Each of us when separated, having one side only, like a flat fish, is but the indenture of a man [ἀνθρωπίνην], and he is always looking for his other half. Men who are a section of that double nature which was once called Androgynous [ἀνδρόγυνον] are lovers of women [φιλογύναικές]; adulterers are generally of this breed, and also adulterous women who lust after men [γυναῖκες φίλανδροί]: the women who are a section of the woman [γυναικῶν γυναικὸς] do not care for men [τοῖς ἀνδράσι], but have female attachments; the female companions [τὰς γυναῖκας] are of this sort. But they who are a section of the male follow the male [ἄρρενος … τὰ ἄρρενα], and while they are young, being slices of the original man, they hang about men and embrace them [φιλοῦσι τοὺς ἄνδρας], and they are themselves the best of boys and youths, because they have the most manly nature [ἀνδρειότατοι ὄντες φύσει]. Some indeed assert that they are shameless, but this is not true; for they do not act thus from any want of shame, but because they are valiant and manly, and have a manly countenance [θάρρους καὶ ἀνδρείας καὶ ἀρρενωπία], and they embrace that which is like them. And these when they grow up become our statesmen, and these only, which is a great proof of the truth of what I am saving. When they reach manhood they are loves of youth, and are not naturally inclined to marry or beget children,-if at all, they do so only in obedience to the law; but they are satisfied if they may be allowed to live with one another unwedded; and such a nature is prone to love and ready to return love, always embracing that which is akin to him. And when one of them meets with his other half, the actual half of himself, whether he be a lover of youth or a lover of another sort, the pair are lost in an amazement of love and friendship and intimacy, and would not be out of the other’s sight, as I may say, even for a moment: these are the people who pass their whole lives together; yet they could not explain what they desire of one another. For the intense yearning which each of them has towards the other does not appear to be the desire of lover’s intercourse, but of something else which the soul of either evidently desires and cannot tell, and of which she has only a dark and doubtful presentiment. Suppose Hephaestus, with his instruments, to come to the pair who are lying side, by side and to say to them, “What do you people want of one another?” they would be unable to explain. And suppose further, that when he saw their perplexity he said: “Do you desire to be wholly one; always day and night to be in one another’s company? for if this is what you desire, I am ready to melt you into one and let you grow together, so that being two you shall become one, and while you live a common life as if you were a single man, and after your death in the world below still be one departed soul instead of two-I ask whether this is what you lovingly desire, and whether you are satisfied to attain this?”-there is not a man of them who when he heard the proposal would deny or would not acknowledge that this meeting and melting into one another, this becoming one instead of two, was the very expression of his ancient need. And the reason is that human nature was originally one and we were a whole, and the desire and pursuit of the whole is called love. There was a time, I say, when we were one, but now because of the wickedness of mankind God has dispersed us, as the Arcadians were dispersed into villages by the Lacedaemonians. And if we are not obedient to the gods, there is a danger that we shall be split up again and go about in basso-relievo, like the profile figures having only half a nose which are sculptured on monuments, and that we shall be like tallies.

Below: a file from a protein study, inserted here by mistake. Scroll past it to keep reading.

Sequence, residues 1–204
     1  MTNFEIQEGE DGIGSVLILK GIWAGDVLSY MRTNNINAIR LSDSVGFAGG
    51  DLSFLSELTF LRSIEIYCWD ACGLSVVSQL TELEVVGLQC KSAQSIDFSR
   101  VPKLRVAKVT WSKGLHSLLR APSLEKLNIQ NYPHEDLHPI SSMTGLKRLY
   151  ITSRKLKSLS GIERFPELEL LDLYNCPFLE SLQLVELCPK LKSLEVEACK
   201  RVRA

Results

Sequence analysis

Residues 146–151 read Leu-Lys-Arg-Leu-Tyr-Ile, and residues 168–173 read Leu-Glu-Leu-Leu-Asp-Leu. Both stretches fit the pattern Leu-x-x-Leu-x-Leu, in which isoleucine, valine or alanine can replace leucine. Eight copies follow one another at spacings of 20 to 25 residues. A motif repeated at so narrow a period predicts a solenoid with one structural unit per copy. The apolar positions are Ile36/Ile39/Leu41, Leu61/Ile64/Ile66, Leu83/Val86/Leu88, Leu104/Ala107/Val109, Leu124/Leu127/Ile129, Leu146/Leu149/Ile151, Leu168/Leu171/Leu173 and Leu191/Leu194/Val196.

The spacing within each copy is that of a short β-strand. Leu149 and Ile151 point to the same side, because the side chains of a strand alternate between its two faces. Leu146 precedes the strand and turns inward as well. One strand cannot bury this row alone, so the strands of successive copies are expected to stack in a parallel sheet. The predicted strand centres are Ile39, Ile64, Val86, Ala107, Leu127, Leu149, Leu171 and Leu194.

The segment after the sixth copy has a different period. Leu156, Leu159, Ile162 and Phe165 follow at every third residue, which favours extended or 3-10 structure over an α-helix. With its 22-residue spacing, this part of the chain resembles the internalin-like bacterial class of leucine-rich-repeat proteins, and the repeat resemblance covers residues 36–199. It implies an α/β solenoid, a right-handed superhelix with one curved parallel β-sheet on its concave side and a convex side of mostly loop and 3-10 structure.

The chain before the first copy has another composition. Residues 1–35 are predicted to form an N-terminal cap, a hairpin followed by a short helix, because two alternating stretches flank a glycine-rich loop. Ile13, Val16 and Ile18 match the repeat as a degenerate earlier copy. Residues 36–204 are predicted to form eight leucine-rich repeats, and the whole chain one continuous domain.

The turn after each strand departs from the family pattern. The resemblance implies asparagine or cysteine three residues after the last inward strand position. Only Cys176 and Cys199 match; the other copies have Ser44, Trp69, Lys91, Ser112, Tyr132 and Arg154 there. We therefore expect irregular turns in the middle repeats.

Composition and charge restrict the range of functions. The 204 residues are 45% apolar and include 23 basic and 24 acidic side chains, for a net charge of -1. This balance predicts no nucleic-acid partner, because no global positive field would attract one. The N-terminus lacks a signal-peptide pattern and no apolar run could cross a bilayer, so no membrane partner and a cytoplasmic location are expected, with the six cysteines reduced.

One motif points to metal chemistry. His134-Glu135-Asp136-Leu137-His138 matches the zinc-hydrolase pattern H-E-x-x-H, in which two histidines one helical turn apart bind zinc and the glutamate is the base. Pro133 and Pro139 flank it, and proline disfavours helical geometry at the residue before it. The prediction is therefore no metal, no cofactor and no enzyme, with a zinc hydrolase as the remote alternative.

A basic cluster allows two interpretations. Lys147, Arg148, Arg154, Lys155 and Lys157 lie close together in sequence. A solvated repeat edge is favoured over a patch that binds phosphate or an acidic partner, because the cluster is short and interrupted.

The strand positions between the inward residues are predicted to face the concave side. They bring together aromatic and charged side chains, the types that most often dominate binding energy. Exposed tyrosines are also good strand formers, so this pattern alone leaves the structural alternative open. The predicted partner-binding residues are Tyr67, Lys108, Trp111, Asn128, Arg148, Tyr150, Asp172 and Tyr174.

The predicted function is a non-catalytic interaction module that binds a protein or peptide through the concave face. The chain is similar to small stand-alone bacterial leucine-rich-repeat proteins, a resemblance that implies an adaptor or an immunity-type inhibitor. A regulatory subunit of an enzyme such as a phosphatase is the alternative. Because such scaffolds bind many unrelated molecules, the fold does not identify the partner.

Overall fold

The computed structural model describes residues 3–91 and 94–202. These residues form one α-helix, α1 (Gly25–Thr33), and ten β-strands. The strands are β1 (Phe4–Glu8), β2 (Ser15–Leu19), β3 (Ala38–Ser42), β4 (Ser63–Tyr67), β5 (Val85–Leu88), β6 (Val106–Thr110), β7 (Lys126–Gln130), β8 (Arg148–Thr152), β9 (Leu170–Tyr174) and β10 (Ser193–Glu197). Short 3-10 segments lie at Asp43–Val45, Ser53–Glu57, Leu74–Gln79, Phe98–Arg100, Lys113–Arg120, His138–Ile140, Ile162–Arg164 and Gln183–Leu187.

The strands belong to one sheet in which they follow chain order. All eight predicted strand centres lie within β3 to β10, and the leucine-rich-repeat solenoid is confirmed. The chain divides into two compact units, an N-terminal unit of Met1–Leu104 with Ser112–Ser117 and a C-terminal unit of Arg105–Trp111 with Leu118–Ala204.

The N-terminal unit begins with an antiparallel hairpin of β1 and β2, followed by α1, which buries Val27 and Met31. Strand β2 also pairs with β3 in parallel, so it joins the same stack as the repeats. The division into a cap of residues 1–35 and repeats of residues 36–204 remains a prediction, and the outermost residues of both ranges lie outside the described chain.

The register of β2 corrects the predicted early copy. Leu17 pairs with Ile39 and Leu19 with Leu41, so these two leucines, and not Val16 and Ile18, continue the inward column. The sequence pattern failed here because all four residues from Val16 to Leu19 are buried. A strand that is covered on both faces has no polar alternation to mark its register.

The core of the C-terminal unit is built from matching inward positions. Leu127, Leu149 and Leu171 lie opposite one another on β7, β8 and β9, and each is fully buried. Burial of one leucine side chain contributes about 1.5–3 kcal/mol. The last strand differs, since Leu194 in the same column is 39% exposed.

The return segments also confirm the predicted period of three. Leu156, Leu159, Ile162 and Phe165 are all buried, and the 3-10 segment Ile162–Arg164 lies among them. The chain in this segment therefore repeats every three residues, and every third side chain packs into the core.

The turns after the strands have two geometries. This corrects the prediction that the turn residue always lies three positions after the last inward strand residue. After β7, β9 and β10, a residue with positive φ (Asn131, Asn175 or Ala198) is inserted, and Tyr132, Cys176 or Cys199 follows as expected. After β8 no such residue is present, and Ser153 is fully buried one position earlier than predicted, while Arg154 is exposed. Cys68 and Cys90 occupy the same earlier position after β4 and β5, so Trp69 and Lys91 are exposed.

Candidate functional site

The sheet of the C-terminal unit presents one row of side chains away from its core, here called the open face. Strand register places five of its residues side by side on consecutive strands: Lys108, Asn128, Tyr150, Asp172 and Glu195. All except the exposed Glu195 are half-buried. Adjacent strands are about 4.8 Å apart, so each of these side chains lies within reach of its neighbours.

Wherefore let us exhort all men to piety, that we may avoid evil, and obtain the good, of which Love is to us the lord and minister; and let no one oppose him-he is the enemy of the gods who oppose him. For if we are friends of the God and at peace with him we shall find our own true loves, which rarely happens in this world at present. I am serious, and therefore I must beg Eryximachus not to make fun or to find any allusion in what I am saying to Pausanias and Agathon, who, as I suspect, are both of the manly nature, and belong to the class which I have been describing. But my words have a wider application-they include men and women everywhere; and I believe that if our loves were perfectly accomplished, and each one returning to his primeval nature had his original true love, then our race would be happy. And if this would be best of all, the best in the next degree and under present circumstances must be the nearest approach to such an union; and that will be the attainment of a congenial love. Wherefore, if we would praise him who has given to us the benefit, we must praise the god Love, who is our greatest benefactor, both leading us in this life back to our own nature, and giving us high hopes for the future, for he promises that if we are pious, he will restore us to our original state, and heal us and make us happy and blessed. This, Eryximachus, is my discourse of love, which, although different to yours, I must beg you to leave unassailed by the shafts of your ridicule, in order that each may have his turn; each, or rather either, for Agathon and Socrates are the only ones left.

2 Comments leave one →
  1. February 9, 2012 12:56 pm

    Somehow reading Plato’s Aristophanes in the Greek reminds me of reading Matthew’s Jesus in the Greek (quoting the Greek Genesis — here’s the English Standard Version of that):

    [Chapter 19 of the gospel]

    4 He answered,

    “Have you not read that

    He who created them from the beginning made them male and female [ἄρσεν καὶ θῆλυ],

    5 and said,

    ‘Therefore a man [ἄνθρωπος] shall leave his father and his mother and hold fast to his wife [τῇ γυναικὶ αὐτοῦ], and the two shall become one flesh [οἱ δύο εἰς σάρκα μίαν]’?

    6 So they are no longer two but one flesh [δύο ἀλλὰ σὰρξ μία]. What therefore God has joined together, let not man separate.”

  2. Suzanne McCarthy permalink*
    February 9, 2012 1:01 pm

    I have always loved this passage because it is so playful, and so evocative of the intense attachment expressed in sexuality, as a relationship between two people regardless of gender. It so well represents that yearning to be one, to melt into one another, that goes beyond the sexual union, but is usually expressed in sexuality.

    But in other ways, it is rather provocative, since it grounds homosexuality firmly in the masculine and patriarchal society. It calls into question many of our presuppositions about homosexuality in our society today.